Wendy’s Co. (Nasdaq: WEN) is returning to the whole business securization market for the first time in three years with a $1.03 billion transaction.
Three tranches of notes will be issued via Wendy’s Funding LLC Series (WEN) 2018-1: $150 million of Class A-1 variable funding series totaling $150 million maturing in 2023; an A-2-1 $400 million series due 2025 and an A-2-II series of notes adding up to $475 million, due 2028. The notes carry a preliminary triple-B rating from S&P Global Ratings.
The notes are backed by royalty and franchisee payments, licenses, net rental income and profit distributions from the 6,551 stores in the Wendy’s chain. Wendy’s Co. will use $858 million of the proceeds to repay notes still outstanding from a $2.28 billion whole business transaction completed in 2015.
The deal goes to market as Wendy's copes with disappointing third-quarter earnings. It missed profits and sales marks and lowered its full-year earnings forecast after Hurricanes Harvey and Irma cut into its customer traffic in Texas and Florida.
WEN 2018-1 is not expected to close until January, which will make it the first whole-biz deal of 2018. But it folllows what has been a banner year for whole-biz securitizations, which grew to $6.65 billion in bond issuance after a dormant second half of 2016.
Like Wendy's, many of the franchise fee securitizations this year were from repeat issuers, including Dunkin’ Brands ($1.55 billion) and Domino’s ($1.9 billion). There were also some newcomers such as Jimmy John’s ($800 million) and Five Guys ($400 million).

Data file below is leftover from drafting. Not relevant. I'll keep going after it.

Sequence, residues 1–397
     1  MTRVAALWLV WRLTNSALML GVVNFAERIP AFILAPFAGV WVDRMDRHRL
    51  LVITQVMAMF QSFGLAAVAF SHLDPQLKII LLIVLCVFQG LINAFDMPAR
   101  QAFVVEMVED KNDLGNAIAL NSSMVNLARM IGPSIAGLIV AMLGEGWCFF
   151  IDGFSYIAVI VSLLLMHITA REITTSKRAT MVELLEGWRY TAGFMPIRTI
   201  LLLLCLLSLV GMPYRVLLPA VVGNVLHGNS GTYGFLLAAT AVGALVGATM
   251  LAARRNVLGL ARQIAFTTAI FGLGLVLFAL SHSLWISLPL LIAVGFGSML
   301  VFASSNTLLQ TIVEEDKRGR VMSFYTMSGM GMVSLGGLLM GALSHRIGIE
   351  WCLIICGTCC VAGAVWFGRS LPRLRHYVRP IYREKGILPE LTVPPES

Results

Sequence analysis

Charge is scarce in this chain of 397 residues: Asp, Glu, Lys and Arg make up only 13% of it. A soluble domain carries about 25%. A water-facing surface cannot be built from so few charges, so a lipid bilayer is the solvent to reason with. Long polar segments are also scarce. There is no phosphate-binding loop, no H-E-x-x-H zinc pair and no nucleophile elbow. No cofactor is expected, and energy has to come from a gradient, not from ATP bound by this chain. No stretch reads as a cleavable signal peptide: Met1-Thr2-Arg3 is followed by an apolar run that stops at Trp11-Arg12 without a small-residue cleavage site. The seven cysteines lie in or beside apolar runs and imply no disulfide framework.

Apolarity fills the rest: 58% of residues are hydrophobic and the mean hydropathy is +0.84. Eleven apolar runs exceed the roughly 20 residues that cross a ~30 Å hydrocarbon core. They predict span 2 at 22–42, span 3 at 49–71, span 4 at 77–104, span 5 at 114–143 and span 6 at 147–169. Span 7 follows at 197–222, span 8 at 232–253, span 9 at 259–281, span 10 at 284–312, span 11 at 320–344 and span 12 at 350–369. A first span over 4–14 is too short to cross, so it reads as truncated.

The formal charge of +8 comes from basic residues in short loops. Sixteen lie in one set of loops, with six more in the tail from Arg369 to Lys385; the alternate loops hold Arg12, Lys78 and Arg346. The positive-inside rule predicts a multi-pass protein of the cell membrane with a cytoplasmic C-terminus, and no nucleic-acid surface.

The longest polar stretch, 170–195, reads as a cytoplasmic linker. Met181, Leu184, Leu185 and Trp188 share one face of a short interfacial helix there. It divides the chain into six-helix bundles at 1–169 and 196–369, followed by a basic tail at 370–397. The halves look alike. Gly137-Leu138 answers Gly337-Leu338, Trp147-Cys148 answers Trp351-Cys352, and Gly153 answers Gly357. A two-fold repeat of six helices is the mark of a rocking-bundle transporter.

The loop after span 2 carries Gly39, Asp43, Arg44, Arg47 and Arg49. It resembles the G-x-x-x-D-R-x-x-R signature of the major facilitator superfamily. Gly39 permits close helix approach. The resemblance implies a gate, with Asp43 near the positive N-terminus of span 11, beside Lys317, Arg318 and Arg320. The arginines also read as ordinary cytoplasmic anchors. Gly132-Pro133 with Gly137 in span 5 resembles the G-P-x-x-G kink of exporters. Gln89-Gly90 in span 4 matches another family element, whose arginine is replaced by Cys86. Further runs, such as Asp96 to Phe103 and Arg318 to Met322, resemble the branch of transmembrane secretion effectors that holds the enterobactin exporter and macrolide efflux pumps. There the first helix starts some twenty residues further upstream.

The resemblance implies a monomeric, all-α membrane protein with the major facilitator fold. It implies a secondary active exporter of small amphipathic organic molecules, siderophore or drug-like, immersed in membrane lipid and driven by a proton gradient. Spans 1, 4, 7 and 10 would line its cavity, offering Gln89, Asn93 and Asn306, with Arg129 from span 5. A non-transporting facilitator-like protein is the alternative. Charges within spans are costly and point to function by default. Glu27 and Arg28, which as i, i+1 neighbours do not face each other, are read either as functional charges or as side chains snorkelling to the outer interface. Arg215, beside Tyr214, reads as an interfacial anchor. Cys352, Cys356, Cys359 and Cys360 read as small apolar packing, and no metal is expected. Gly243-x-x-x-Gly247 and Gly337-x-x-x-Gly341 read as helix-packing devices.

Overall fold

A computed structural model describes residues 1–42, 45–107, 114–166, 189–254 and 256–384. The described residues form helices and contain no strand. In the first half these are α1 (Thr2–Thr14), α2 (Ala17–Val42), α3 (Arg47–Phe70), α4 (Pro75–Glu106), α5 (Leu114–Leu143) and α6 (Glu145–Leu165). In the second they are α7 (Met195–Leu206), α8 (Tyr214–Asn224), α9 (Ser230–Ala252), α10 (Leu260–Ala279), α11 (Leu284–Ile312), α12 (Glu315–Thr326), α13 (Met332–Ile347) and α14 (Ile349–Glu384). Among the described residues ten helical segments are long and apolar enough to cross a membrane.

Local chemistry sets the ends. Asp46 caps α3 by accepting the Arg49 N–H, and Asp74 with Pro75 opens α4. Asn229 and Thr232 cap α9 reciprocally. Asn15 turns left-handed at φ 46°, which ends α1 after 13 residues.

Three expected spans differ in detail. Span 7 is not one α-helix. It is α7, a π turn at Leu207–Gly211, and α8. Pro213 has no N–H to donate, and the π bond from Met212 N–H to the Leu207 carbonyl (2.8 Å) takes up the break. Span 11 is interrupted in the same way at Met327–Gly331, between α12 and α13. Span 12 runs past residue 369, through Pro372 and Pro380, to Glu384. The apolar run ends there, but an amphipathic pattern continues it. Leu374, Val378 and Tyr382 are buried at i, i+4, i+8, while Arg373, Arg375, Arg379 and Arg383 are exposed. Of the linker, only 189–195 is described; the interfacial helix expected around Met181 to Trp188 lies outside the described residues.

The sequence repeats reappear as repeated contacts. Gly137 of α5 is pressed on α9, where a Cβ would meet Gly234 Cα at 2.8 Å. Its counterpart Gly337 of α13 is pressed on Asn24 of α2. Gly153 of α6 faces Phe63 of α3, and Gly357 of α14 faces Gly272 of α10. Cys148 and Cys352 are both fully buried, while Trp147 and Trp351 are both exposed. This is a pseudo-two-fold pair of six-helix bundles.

Also making debut were firms outside of the dining category. The UK’s Center Parcs Group sold investors the cash flow from its vacation cabin and lodge rentals, while Coinstar ($840 million) used revenue from its vending kiosks to market bonds that paid off secured debt and funded a dividend to private equity sponsor Apollo Global Management.
A whole business securitization such as WEN 2018-1 allows Wendy’s, a single-B-rated firm, to access cheaper funding than from secured debt offerings. By offloading its revenue-generating assets into a trust (Wendy’s Funding LLC) that pays bondholders directly, Wendy’s can raise achieve a BBB rating from S&P.
Ratings agency reports noted that Wendy’s Co. is one of the higher-leveraged franchisees to access this type of financing. The company this year completed a $1.4 billion debt-fueled share repurchase program that launched in 2015, still leaving it with debt-adjusted EBITDA of 6.9x as of April 2017, according to Moody’s Investors Service.
S&P estimates its debt-to-earnings will be at 7.3x at the closing of the WEN 2018-1 deal, as compared to Five Guys Funding LLC’s 6.7x and the 6.4x for Driven Brands Funding LLC. The company's third-quarter earnings were down substantially due to the loss of business in its heavy concentration of stores in Florida and Texas. Both states represent its No.1 and No.3 markets, causing a 30 to 40 basis point drop in same-store sales year-over-year, according to the earnings reports.
But revenue was also down (15.4%) because of the continued decline in the number of company-owned stores. Wendy's began divesting of corporate-owned locations in favor of franchisee-owned stores beginning in 2015, having increased the ratio of franchises to 95% from 85% in 2014.
It has also had a net decline in the number of stores in its chain for five consecutive years, partially attributed to Wendy’s “buy and flip” strategy of rolling over existing franchises stores to new owners rather than organic growth in new locations. Wendy’s has overseen 690 store transfers since 2015, according to S&P’s presale report.
The chain has seen only a 1.4% cumulative average growth in sales annually since 2006.
Guggenheim Securities was the sole structuring adviser and joint lead active book-runner. Wells Fargo and Rabo Securities were co-managers.